The Odd British Response To American Anger At BP
One of the most striking developments over the past several days has been news of the way that some Britons seem to be reacting to American anger at BP. It started with statements from Boris Johnson, the always outspoken Mayor London, who accused President Obama of using “anti-British rhetoric:”
Boris Johnson has warned that the “anti-British rhetoric” aimed at BP over the Gulf of Mexico oil spill is becoming a matter of national concern.
The London Mayor said that the company was paying “a very, very heavy price” for the consequences of an accident and pointed out that UK pension funds had a “huge exposure” to BP.
His comments came as BP’s share price fell by 15.8 per cent in US trading and its London-listed stocks plunged even further, meaning that £57 billion has been wiped off its market value since the Deepwater Horizon disaster.
BP said that it was “not aware of any reason which justifies this share price movement”.
Speaking on Radio 4’s Today Programme, Mr Johnson said: “I do think there’s something slightly worrying about the anti-British rhetoric that seems to be permeating from America.
“I would like to see a bit of cool heads and a bit of calm reflection about how to deal with this problem, rather than endlessly buck-passing and name-calling.
“When you consider the huge exposure of British pension funds to BP and to BP’s share price, and the vital importance of BP, it starts to become a matter of national concern if a great British company is being continually beaten up on the international airwaves.”
“OK, it has presided over a catastrophic accident, which it is trying to remedy,” Mr Johnson said. “But ultimately it cannot be faulted because it was an accident that took place and BP, I think, is paying a very, very heavy price indeed.”
Considering the fact that BP is responsible for an industrial accident that killed eleven American citizens and is causing unprecedented damage to beaches and marshland all along the U.S. Gulf Coast, I can honestly say that I think Johnson is being more than a little cavalier in his easy dismissal of the crisis. For one thing, it’s not his beaches that are being inundated with oil. For another, despite his last statement above, we don’t really know that this was indeed an “accident,” or whether it was the result of gross negligence on the part of BP and the rig supervisors, as some reports indicate. In either case, it’s simply absurd to say that criticizing BP, or expecting them to do their job and stop the oil leak, clean up the damages, and compensate people for the damages they’ve caused is “anti-British.”
Johnson isn’t alone, one columnist for the Daily Mail is saying that President Obama’s behavior during this crisis reveals his underlying Anglophobia:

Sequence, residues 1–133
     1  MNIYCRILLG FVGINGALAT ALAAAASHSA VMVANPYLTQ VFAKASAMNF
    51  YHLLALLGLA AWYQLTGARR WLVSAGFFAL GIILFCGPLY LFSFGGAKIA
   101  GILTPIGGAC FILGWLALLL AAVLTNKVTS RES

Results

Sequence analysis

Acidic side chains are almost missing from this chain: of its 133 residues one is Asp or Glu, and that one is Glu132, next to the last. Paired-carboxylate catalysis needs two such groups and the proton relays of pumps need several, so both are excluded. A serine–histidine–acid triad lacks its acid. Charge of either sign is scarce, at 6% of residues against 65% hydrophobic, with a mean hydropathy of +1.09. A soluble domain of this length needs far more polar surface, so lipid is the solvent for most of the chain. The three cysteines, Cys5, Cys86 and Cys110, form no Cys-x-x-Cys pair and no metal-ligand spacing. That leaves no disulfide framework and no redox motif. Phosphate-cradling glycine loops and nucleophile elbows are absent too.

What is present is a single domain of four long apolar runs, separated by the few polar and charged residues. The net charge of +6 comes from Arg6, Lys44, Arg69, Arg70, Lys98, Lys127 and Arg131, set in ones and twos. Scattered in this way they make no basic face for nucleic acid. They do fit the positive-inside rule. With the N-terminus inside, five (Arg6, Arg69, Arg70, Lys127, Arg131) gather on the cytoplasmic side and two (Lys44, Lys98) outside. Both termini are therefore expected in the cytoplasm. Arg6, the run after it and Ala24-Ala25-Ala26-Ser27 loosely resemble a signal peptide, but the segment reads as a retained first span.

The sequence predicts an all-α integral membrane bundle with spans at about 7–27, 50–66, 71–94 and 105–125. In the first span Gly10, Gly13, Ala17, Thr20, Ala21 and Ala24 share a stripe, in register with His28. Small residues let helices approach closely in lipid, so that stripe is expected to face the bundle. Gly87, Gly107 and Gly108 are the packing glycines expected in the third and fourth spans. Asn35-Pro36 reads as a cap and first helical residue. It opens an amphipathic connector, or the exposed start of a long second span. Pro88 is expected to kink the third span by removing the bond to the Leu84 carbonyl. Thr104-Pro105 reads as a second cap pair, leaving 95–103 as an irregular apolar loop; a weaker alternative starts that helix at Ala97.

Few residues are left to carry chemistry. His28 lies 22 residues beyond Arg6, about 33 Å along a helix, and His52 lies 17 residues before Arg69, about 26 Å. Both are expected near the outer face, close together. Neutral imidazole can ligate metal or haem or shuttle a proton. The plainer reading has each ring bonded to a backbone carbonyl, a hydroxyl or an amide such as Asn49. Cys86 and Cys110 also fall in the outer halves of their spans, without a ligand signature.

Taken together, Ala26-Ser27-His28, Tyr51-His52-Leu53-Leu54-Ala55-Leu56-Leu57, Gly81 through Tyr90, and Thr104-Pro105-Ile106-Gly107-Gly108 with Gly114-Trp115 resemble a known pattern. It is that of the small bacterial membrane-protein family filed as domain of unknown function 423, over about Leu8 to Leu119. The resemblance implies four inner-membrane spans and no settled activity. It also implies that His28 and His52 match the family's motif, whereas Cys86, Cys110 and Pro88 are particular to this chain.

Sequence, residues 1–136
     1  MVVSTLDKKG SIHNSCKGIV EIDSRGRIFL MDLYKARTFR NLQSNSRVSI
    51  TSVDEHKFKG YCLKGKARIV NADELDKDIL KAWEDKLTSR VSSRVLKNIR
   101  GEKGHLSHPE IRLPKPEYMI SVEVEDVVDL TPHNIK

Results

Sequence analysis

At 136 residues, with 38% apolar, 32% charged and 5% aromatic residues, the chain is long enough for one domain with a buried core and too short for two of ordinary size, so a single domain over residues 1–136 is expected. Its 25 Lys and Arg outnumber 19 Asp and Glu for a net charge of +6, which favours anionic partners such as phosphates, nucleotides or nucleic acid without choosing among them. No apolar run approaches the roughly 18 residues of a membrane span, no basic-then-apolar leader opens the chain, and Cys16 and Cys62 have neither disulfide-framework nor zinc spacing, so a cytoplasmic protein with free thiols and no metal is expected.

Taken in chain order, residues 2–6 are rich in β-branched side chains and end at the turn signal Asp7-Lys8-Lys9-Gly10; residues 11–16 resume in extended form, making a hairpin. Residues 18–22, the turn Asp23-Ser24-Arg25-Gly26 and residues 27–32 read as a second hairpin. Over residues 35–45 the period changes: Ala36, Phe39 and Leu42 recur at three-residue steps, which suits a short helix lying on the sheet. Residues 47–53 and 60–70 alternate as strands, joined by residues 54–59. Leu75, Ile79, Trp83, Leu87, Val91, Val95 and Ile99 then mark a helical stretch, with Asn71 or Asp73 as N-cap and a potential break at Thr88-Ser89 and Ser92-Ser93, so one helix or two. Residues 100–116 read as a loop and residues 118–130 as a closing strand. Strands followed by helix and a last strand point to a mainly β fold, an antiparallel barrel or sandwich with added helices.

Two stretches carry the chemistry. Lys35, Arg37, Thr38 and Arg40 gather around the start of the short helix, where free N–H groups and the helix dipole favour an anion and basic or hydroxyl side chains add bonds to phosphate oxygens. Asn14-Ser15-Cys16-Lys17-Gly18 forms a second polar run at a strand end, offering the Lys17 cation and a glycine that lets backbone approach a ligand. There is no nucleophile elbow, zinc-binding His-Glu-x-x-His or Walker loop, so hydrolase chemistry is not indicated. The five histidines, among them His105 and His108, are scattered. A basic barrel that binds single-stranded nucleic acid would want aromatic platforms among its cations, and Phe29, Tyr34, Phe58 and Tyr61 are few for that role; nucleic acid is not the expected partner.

As the oil continues to gush in the Gulf of Mexico, angry rhetoric has gushed from President Barack Obama’s lips. His rabid denunciations of BP have damaged the interests not only of that company but of most British people, in a way that must make us wonder whether he leads a friendly country.
Vince Cable, the new Business Secretary, calls Obama’s rhetoric ‘extreme and unhelpful’; London mayor Boris Johnson says it’s ‘anti-British’, adding that ‘BP is paying a very, very heavy price indeed’.
Bemusingly, David Cameron says only that he understands the U.S. administration’s ‘frustration’, although he promises to take up the matter with Obama, after the Prime Minister returns from Afghanistan – where British troops are fighting and dying on behalf of the United States, it may be recalled.
‘Extreme and unhelpful’ is no exaggeration. Obama has played to the gallery by saying that he would like to sack Tony Hayward, head of BP; the president talks in a cheap way about ‘kicking ass’. Whether or not the American president can kick our asses, he can certainly hurt our wallets and purses.
As BP’s share price has plummeted, it has lost £55billion of its market value, and the company’s entire outlook is very bleak, which affects most of us. Every British insurance company, building society and pension fund has large holdings of BP shares in its portfolio.
If you have a pension, at present or in prospect, your income falls with every sour word Obama speaks. It’s a fine way for a friend to behave, if indeed we should regard the president as a friend.
When Obama continually refers to BP as ‘British Petroleum’, which is no longer its formal name, he is saying something revealing about himself, and his Anglophobic spite will come as no surprise to those who have followed his career, and read his memoir Dreams From my Father.
He seems to have made up the part about his father being tortured by the British in Kenya, but there’s no question that Obama nurses a disdain for and even dislike of this country.
I’m no fan of President Obama’s by any means, but I’ve got to say that I find myself just a little bit stunned to see reactions like this coming from Brits who seem to be taking what is clearly justifiable anger at a company that has fallen down on the job and been less than clear with the public about the full extent of the disaster. It would be odd, for example, to see Americans reacting the same way if an American company caused an industrial accident in another country (the Bhopal disaster comes to mind).
As I write this, President Obama and Prime Minster Cameron are scheduled to talk via telephone about the crisis, although it escapes me exactly what David Cameron can do to help with an environmental crisis in the Gulf of Mexico. Then, later today, the United States will play England in a first-round World Cup match. These are odd days in US-UK relations for sure.